Today, there’s not a lettuce to be make sured at Winbirri – named after the Anglo-Saxon “win” for wine and “birri” for grape – all of its 32 acres are bewitched up with 52,000 vines. Many of them produce grapes of the bacchus strain, and it was Dyer’s Bacchus 2015 that won the Decanter award. 

Wine makerARCHANT

Lee Dyer of Winbirri

“There were 17,200 wines countersigned into the competition from all round the world,” recalls Dyer. “After I initiate out we’d won it took a while for my feet to touch the ground. It made history didn’t it? For a in any case wine to win in a competition of this scale has never been done in the vanguard by an English vineyard.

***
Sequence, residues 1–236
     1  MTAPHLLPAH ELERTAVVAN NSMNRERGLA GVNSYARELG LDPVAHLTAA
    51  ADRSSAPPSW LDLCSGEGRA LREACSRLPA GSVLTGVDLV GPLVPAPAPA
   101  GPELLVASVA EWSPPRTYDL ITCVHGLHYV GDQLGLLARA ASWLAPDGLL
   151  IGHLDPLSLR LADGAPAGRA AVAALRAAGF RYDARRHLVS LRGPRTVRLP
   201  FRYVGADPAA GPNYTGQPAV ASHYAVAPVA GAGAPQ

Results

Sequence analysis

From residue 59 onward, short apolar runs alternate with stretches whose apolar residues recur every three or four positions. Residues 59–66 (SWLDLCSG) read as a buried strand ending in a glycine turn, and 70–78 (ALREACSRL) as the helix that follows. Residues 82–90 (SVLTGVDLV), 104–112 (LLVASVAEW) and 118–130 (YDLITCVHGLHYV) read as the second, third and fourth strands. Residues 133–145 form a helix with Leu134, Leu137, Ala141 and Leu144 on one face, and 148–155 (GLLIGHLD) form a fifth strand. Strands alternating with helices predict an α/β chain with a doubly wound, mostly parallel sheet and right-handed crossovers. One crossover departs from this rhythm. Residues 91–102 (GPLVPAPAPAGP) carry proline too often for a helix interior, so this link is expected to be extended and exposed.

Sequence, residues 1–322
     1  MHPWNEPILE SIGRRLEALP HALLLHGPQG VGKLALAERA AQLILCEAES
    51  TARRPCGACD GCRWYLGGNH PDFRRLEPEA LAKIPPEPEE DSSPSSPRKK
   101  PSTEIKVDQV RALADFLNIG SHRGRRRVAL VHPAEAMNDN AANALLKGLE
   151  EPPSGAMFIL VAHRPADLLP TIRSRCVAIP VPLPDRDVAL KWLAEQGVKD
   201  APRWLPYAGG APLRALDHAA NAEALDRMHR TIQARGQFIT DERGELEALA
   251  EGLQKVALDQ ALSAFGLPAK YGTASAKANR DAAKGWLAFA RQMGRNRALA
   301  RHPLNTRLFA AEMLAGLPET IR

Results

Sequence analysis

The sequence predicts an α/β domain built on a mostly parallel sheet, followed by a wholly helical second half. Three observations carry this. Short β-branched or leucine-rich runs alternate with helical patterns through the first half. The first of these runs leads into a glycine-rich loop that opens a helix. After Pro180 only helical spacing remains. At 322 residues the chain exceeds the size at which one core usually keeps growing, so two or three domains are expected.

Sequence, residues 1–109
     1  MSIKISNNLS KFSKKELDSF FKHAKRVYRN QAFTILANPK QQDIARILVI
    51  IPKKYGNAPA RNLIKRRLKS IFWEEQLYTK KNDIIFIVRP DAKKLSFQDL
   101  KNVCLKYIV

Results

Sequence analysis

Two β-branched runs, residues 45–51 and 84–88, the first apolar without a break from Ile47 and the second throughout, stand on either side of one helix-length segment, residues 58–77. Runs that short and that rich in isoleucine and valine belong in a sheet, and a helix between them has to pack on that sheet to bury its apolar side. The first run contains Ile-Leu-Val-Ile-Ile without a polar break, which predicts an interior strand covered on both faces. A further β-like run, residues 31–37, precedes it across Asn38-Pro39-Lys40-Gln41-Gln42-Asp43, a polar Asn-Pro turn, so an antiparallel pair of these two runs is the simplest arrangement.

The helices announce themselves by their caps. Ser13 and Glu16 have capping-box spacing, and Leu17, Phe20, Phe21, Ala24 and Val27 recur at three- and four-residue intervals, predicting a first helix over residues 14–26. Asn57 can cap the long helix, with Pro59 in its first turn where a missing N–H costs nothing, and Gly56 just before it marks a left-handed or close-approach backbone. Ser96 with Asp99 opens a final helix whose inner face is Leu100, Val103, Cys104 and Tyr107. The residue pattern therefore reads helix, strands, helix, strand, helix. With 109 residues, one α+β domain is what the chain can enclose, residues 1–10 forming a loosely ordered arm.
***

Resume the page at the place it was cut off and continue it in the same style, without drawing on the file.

“In the first six hours after the award was announced we collected orders equating to roughly 10 years of production. One of the largest statutes I had coming in that day was for 20,000 bottles but I turned it down because we yearning our stocks to last as long as possible.

“I think in 10 years convenience life bacchus is going to be for England what sauvignon blanc is for New Zealand. I evaluate it’s going to be our best-known wine style.” Unlike many English financial managers, who take the view that the British climate is not as well suited to red wine grapes as it is to unsullied, Dyer devotes 40 per cent of his acreage to red.

“The red wine market is a perfect large market,” he says. “You ignore it at your own peril. It’s not that we can’t allow to pass red wine in this country it’s just that it’s more time ruining and expensive. “If you match the grape variety to our environment then you just distress a normal English year for them to be very ripe and able to create good red wines from.